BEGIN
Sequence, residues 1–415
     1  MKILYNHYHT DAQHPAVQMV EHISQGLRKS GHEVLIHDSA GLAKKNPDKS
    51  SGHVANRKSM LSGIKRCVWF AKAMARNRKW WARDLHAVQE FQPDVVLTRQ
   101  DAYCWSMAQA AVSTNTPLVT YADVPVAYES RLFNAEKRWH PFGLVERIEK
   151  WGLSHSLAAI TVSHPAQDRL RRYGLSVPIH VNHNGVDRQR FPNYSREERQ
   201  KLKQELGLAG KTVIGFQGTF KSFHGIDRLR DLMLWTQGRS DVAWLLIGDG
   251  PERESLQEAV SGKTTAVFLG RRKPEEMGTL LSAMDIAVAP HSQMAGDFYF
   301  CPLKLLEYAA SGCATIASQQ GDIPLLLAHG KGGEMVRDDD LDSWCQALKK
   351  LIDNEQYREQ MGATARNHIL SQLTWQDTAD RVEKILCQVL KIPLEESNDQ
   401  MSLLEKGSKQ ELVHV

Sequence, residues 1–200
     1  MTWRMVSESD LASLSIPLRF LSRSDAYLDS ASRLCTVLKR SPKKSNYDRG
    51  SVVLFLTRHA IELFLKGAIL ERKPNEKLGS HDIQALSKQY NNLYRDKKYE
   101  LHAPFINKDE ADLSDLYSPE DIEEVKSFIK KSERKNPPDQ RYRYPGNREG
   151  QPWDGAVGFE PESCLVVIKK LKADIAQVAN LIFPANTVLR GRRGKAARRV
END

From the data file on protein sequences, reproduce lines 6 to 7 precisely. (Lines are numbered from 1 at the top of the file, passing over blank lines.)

   201  KLKQELGLAG KTVIGFQGTF KSFHGIDRLR DLMLWTQGRS DVAWLLIGDG
   251  PERESLQEAV SGKTTAVFLG RRKPEEMGTL LSAMDIAVAP HSQMAGDFYF